Susie Boswell grabs a moment to get to know the personality behind a name we all know – and meets a true multi-tasker with a sunny outlook on life.
They look glamorous, those TV news gals: Melissa Doyle, Chris Bath, even Oprah Winfrey started as an on-the-road reporter. Yet as a onetime member of the 60 Minutes team, I know TV presenters often come with overwhelming egos, household names captive to the larger than life screen image.
So here’s the problem with Lynn Lelean, prominent name and face of NBN-TV News – our most popular network locally and along the NSW North Coast, with a potential audience approaching two million viewers from Newcastle to the Queensland border: a cheerful, total absence of ego. Lelean’s so humble, thinks she’s sooo uninteresting, that I have to badger and beg, coax and cajole, to get her to agree to come to lunch and reveal a little of what’s behind the small screen persona seen on the nightly news.
There’s a second, albeit subordinate, reason: she’s so damn busy. Lelean’s day begins at 5.30am when she goes for a run with a group of girlfriends. She’s a wife and mother of boys aged 9 and 7, so there’s the family stuff to do, and then the daily news gathering task. So far, pretty unremarkable: there are plenty of working mums in our midst. Like many, she prepares the kids’ sandwiches on Sunday nights, freezing enough for the week.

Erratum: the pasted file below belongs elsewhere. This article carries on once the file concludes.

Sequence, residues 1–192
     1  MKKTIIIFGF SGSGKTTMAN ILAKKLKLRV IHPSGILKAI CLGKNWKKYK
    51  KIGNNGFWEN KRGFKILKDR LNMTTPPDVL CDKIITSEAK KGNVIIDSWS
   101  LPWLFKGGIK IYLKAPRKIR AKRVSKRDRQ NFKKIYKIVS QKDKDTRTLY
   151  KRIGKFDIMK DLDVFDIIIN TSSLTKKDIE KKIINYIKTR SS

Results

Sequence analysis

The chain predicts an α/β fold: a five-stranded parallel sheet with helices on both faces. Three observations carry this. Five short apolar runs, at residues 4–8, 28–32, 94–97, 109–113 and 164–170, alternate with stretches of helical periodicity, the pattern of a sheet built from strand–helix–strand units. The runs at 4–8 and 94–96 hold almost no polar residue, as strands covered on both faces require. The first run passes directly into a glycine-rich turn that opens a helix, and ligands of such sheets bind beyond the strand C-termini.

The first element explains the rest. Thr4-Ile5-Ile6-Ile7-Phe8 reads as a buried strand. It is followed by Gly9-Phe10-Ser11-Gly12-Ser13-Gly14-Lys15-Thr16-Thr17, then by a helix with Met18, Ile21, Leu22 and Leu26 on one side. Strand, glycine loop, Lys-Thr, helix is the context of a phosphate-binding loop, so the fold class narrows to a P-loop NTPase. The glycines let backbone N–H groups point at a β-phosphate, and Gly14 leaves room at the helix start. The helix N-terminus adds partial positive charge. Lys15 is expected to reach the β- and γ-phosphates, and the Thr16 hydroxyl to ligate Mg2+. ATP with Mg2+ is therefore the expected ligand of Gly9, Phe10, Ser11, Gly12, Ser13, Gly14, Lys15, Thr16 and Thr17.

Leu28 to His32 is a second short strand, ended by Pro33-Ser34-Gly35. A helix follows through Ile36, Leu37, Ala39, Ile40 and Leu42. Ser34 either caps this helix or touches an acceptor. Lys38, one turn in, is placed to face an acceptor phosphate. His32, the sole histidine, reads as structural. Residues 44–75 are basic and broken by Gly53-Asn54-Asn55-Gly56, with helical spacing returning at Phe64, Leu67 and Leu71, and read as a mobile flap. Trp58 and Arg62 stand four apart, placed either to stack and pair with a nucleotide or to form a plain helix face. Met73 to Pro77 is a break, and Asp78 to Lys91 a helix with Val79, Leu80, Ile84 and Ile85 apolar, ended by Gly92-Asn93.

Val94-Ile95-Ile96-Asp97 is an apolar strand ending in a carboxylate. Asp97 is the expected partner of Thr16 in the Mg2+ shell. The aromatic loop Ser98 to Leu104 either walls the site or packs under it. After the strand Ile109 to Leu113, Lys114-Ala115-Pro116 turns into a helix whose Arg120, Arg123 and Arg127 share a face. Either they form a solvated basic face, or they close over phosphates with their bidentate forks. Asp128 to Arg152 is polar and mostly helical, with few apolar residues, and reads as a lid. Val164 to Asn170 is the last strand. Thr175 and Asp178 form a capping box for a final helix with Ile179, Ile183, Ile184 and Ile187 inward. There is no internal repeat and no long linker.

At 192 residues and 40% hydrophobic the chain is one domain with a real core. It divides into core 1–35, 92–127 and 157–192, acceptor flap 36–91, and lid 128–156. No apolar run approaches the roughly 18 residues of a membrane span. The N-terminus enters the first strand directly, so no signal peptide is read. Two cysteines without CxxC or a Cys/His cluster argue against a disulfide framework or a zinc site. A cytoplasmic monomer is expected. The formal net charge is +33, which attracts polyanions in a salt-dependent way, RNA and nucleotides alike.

But as NBN’s senior reporter in the region, Lelean sources and produces stories for the nightly news seven days a week; the task can take her any given day from Bulahdelah, Forster and Gloucester up to Clybucca, covering events as varied as council meetings and sporting competitions to the instant and unexpected demands of highway crashes and murders. She employs modern technology: mobile phone, digital recorder and netbook. When the interviews and stand-ups are done, she writes the story on the mini PC while the cameraman drives to the next assignment. And she transcribes the interview from the recorder, preparing closed captions to go to air for the hearing impaired. Then: she’s also the group’s Mid-North Coast Bureau Chief, responsible for overseeing seven journalists and camera operators, their output and operation in Taree, Port and Coffs. If a cameraman’s off sick, for example, there’s an extra ball to juggle without fumbling. NBN HQ’s not interested in gaps in the bulletin.